How can you show your values to employees and encourage them to develop their own personalized leadership model?

Employees want to know that you’re the same leader in good times and bad, and that you have a foundation of values that they can depend on. The Jekyll and Hyde leader is one of the hardest ones to work for, because employees don’t know which side they’re seeing that day.

Communicating these values comes from the top, followed by living those values by example every day.

Dr. Paul Lopez is a member of the graduate faculty and lecturer in the department of management and entrepreneurship at Kennesaw State University’s Coles College of Business, and executive vice president of Element Funding (elementfunding.com). Reach him at (770) 604-6026 or paul_lopez@kennesaw.edu.

Sunday, 26 July 2009 20:00

Ensuring you are insured

Most officers and directors of companies will face litigation at least once during their careers, and 95 percent of Fortune 500 companies maintain directors and officers liability insurance to protect themselves from numerous forms of lawsuits. You need to be prepared for this possible litigation, and understand what type of D&O insurance your company has.

“You don’t want to be caught off guard,” says Scott Sherman, of counsel with Baker, Donelson, Bearman, Caldwell & Berkowitz, PC. “Generally, you cannot prevent lawsuits from occurring. For example, when the stock of a public company drops a significant degree after information is disclosed by a company, you will typically see class action and derivative lawsuits to follow. What you can and should do is at least understand what situations may arise and what insurance covers you so that you understand what insurance protection you have.”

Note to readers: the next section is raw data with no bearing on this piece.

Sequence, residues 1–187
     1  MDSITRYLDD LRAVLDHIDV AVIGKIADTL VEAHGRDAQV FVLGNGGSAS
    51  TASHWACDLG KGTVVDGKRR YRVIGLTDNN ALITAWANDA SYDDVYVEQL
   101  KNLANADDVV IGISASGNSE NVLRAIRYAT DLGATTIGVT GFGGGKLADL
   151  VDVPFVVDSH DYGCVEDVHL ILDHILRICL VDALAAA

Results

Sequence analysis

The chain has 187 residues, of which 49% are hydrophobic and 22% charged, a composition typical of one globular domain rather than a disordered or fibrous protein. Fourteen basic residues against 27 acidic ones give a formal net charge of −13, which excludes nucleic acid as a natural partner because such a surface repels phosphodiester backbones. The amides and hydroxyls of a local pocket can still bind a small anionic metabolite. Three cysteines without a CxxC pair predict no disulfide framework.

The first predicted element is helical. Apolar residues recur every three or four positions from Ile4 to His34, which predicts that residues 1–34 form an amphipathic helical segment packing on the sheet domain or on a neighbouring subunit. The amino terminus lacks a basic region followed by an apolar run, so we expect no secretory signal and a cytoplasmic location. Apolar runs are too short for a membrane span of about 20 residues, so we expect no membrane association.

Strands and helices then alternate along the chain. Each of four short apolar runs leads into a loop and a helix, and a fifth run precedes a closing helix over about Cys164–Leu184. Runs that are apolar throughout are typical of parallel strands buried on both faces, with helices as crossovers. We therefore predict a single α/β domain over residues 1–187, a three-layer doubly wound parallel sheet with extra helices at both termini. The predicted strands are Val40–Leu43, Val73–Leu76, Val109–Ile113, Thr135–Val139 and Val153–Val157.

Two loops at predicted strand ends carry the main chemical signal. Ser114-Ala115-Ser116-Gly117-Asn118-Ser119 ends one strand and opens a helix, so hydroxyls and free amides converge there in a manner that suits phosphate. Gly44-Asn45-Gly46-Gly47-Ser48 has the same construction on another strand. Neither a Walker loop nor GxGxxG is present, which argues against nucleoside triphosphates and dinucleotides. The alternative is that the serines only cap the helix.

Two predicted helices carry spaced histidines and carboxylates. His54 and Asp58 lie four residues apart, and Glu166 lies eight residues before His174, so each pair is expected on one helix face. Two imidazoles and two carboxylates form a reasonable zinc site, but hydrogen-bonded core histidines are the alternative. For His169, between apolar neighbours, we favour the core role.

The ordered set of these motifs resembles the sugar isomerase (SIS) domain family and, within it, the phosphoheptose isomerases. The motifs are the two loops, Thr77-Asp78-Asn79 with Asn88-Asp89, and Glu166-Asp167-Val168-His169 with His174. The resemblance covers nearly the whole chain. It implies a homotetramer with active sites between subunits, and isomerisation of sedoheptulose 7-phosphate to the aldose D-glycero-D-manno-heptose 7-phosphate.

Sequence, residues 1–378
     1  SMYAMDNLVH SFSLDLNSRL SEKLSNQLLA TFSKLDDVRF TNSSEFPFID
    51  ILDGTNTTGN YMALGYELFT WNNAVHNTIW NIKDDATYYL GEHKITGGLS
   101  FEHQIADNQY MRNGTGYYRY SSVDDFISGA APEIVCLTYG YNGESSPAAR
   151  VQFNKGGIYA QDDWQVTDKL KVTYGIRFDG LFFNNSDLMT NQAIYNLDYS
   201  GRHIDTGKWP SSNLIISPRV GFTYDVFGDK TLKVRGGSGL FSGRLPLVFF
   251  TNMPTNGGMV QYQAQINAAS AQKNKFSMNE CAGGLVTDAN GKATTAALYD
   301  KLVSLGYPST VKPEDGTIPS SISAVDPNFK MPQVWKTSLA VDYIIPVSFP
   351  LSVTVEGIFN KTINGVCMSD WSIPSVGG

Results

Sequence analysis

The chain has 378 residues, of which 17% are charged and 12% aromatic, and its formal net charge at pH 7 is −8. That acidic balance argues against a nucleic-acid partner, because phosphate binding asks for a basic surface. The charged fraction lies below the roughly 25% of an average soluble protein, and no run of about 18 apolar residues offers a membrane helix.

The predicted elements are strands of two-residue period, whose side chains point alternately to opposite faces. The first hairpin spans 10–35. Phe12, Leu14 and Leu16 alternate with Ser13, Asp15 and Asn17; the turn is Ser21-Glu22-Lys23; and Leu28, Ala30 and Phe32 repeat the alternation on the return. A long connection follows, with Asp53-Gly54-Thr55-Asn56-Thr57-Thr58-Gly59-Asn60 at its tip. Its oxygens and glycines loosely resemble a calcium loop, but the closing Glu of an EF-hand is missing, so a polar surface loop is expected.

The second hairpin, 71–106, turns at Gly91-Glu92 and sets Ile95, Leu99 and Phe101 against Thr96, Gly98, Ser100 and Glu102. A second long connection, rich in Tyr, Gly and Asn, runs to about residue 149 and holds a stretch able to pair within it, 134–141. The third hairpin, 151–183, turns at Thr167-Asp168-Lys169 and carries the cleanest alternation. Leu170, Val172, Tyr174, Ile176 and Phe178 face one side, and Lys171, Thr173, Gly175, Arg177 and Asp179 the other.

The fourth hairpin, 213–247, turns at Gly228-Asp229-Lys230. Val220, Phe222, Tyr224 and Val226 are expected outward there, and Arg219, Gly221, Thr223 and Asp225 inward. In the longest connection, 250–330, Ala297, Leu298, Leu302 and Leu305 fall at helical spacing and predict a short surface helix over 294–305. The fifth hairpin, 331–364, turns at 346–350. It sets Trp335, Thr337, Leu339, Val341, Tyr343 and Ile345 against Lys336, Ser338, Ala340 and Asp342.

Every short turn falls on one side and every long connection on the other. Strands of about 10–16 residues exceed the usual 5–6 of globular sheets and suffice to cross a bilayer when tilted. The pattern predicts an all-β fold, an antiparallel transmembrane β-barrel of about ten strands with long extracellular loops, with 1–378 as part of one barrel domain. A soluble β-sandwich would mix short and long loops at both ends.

Smart Business spoke with Scott Sherman about how the economy has affected D&O liability litigation, recent D&O cases, new products or tools that will help with litigation, and the different situations where D&O insurance covers a director or officer.

How has the economy affected D&O liability litigation? Are there certain sectors in which litigation has become more prevalent in recent years?

The current state of the economy has impacted the state of D&O insurance and continues to make it a prevalent part of securities cases across industries. In the securities arena, these types of cases include securities class actions and derivative litigation. Notably, in the last year, securities cases have once again been on the rise.

Have there been any recent major cases involving D&O liability litigation?

There have been some recent cases in Delaware that show that directors have to be careful in what they do, but that, overall, legal defenses such as the business judgment rule are still potent defenses to claims by shareholders in derivative actions or otherwise that directors have breached their fiduciary duties to a company.

A Delaware court recently ruled in a derivative litigation brought by Citigroup shareholders that directors will not be held accountable for taking business risks in the normal course of the company’s business. Risk is part of a director’s job, as is making business judgments, and the business judgment rule is designed to protect the directors from having to look over their shoulder every time they make a business decision on behalf of the company.

Have any new products or tools emerged to meet the needs of certain markets related to D&O liability?

There’s been a re-focus by the insurance industry and companies about the different types of coverage available and the right type of coverage for the company’s directors and officers. Although insurance companies use different terms, many insurance companies’ traditional coverage has Side A, B and C, with Side A coverage for directors and officers, Side B for reimbursing the company to the extent it indemnifies the directors and officers, and Side C for the company’s coverage. Some insurance companies include Side C coverage as part of Side B coverage.